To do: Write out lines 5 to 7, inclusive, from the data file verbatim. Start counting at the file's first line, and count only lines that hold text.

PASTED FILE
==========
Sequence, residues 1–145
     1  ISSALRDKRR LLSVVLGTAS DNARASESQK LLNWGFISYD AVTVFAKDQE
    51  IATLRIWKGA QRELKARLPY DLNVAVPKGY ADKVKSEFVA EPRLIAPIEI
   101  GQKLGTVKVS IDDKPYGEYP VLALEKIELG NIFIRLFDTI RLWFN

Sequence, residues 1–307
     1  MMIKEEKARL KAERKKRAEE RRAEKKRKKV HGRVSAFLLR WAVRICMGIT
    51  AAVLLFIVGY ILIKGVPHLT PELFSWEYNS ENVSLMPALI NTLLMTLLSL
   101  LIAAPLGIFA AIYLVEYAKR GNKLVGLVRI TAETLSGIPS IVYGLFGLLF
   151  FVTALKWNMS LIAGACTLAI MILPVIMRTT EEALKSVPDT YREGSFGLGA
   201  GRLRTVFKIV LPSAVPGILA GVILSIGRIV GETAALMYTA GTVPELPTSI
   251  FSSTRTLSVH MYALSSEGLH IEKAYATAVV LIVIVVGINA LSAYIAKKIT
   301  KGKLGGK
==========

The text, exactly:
Sequence, residues 1–307
     1  MMIKEEKARL KAERKKRAEE RRAEKKRKKV HGRVSAFLLR WAVRICMGIT
    51  AAVLLFIVGY ILIKGVPHLT PELFSWEYNS ENVSLMPALI NTLLMTLLSL